Call Jane

An ad in Ladies Home Journal said it best when it warned us to “never underestimate the power of a woman.” Though the ad first appeared in a 1941 edition of the magazine, it wasn’t until the ’60s that we all learned the power of that lesson. And it’s been a downhill slide for male domination, sexism, and misogynistic tendencies ever since.

That message is perfectly illustrated in Phyllis Nagy’s latest film, Call Jane which explores the sobering and painful history of reproductive choice in America, while simultaneously recognizing and celebrating the contributions of women to modern society.

"provocative and stimulating, yet never comes off as preachy"

The film takes an introspective look at The Janes, a collective of women in the late ‘60s who came together to help provide access to reproductive freedom to Chicago women of all walks of life. Though The Janes were a real thing, Call Jane fictionalizes their spirit and goals with a story that is both provocative and stimulating, yet never comes off as preachy.

Joy (a wonderful Elizabeth Banks) is the quintessential suburban housewife. Loving wife to husband Will (Chris Messina), and mother to teenage daughter Charlotte (Grace Edwards), Joy learns that her current pregnancy has caused some heart issues leaving her with a 50% chance of surviving the delivery of her baby.

Having run out of options, but also wanting to ensure she’ll be around for their daughter, Joy and Will petition the board of their local hospital for an emergency pregnancy termination. But, wouldn’t you know it, the board is made up of old white men who discuss the petition as if Joy isn’t even in the room.

Ultimately, the board decides to deny the emergency termination leaving Joy with either a 50-50 shot at dying, or getting an abortion. Problem is, this is Chicago in 1968 where abortions are illegal. So down the rabbit hole she goes chasing a lead that eventually draws her to the Jane Collective, led by the pragmatic Virginia (Sigourney Weaver), who raises money for the group, coordinates their actions, and ensures women are taken care of with dignity and respect.Call Jane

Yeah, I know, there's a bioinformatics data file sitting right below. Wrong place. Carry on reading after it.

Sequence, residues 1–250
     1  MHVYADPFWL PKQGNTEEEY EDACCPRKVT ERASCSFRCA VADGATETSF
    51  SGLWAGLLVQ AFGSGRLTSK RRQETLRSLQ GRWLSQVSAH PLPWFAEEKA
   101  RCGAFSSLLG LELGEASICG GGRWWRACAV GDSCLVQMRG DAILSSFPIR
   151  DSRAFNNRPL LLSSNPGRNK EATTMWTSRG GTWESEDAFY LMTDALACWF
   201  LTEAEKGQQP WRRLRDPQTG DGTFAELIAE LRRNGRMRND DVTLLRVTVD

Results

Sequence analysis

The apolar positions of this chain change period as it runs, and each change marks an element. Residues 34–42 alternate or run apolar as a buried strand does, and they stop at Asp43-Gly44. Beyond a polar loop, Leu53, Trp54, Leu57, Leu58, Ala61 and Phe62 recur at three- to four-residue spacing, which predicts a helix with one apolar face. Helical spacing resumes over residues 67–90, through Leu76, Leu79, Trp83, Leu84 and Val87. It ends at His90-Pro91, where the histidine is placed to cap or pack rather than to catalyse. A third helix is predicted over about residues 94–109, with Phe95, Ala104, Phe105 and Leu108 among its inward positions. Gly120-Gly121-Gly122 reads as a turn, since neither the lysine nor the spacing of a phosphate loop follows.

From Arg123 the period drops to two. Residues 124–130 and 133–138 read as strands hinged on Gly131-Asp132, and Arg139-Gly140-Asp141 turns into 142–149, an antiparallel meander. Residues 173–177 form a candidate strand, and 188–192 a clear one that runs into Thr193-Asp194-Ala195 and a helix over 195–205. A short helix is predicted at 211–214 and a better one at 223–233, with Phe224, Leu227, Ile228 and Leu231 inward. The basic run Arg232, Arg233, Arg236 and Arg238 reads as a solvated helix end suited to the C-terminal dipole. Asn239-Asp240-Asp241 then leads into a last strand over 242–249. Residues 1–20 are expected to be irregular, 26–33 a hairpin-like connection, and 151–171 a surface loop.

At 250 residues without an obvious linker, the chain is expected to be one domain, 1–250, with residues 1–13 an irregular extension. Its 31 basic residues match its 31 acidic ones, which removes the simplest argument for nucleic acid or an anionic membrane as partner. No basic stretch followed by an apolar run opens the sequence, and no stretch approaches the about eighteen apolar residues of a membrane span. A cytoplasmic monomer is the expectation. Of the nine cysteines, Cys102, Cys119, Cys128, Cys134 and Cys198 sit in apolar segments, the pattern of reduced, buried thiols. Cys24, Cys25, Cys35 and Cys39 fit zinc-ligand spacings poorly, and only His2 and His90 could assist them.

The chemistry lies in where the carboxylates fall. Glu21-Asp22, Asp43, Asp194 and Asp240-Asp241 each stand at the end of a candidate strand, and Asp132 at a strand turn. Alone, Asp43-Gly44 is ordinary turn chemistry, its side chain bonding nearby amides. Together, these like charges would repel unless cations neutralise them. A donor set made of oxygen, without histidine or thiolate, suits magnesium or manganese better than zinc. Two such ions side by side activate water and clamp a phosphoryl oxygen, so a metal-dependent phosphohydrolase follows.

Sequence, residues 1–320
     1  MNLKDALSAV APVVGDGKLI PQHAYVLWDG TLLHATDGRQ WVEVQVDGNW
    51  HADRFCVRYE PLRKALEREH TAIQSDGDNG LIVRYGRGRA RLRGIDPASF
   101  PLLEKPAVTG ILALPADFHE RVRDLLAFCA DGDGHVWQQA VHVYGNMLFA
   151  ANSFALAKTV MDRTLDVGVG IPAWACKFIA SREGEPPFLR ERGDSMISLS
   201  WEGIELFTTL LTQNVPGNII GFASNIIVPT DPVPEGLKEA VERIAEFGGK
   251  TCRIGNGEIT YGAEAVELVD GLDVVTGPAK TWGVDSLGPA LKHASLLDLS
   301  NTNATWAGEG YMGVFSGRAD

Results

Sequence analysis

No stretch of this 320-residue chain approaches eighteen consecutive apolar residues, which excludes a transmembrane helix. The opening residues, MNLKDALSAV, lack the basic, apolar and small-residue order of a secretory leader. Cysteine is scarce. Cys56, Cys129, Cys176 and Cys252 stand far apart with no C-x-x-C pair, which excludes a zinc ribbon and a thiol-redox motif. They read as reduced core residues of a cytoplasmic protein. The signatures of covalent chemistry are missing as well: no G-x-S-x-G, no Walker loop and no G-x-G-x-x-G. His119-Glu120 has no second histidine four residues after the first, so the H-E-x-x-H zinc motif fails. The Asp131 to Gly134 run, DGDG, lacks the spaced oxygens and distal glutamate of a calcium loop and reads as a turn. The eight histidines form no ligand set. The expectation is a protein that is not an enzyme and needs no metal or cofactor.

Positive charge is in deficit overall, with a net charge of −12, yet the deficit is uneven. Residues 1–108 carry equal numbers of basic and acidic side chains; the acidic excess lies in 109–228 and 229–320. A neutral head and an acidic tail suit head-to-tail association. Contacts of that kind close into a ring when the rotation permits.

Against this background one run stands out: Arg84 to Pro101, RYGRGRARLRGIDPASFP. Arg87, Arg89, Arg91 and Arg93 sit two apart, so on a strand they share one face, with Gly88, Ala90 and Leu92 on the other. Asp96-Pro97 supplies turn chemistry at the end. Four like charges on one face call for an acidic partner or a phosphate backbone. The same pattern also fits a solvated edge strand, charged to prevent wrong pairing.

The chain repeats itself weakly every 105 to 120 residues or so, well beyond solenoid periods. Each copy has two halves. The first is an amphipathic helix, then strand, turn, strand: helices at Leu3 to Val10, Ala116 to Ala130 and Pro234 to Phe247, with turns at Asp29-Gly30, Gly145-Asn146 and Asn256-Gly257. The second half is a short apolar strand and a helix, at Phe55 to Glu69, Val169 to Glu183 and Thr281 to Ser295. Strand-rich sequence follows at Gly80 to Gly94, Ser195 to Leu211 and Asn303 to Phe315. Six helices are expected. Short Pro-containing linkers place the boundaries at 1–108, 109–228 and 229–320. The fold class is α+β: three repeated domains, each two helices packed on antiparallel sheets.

As expected, the elephant in the room is the hot button topic of abortion. However, to steer viewers away from political side-taking, Nagy and screenwriters Hayley Schore and Roshan Sethi present their story with a light touch in a fair, and balanced manner by masterfully blending many other narratives into the mix. As a result, viewers are never bludgeoned over the head, but instead, invited to join the tough conversations which touch on abortion, race, personal choice, human dignity, and historical advancement.

That’s certainly a gargantuan task considering the subject matter, but the cast of wonderful characters played by Kate Mara, Kristina Harrison, Corey Michael Smith, Evangeline Young, and others, keeps it a human story about one woman’s choice, the personal struggles of making that choice, and her decision to help others in similar situations navigate the emotional toll of those decisions.

A bit fidgety and eventually losing steam in its third act, Call Jane feels a bit long at times, and more than one plot thread is oddly left hanging. However, the genuinely heartbreaking scenes involving the procedures as delivered by a shady “doctor” will leave you shaking in your skin. Truly graphic and alone responsible for the film’s R rating.

Call Jane isn’t asking you to buy in to what it has to say. It just wants to present the dilemma at hand in a captivating and stimulating manner, while at the same time reminding us of that powerful lesson we learned from Ladies Home Journal so long ago. Mission accomplished.

3/5 stars

Film Details

Call Jane

MPAA Rating: R for some language and brief drug use.
121 mins
: Phyllis Nagy
Hayley Schore; Roshan Sethi
Elizabeth Banks; Sigourney Weaver; Chris Messina
: Drama
You are not alone.
Memorable Movie Quote:
Theatrical Distributor:
Roadside Attractions
Official Site:
Release Date:
October 28, 2022.
DVD/Blu-ray Release Date:

Synopsis: A married woman with an unwanted pregnancy lives in a time in America where she can't get a legal abortion and works with a group of suburban women to find help.


Call Jane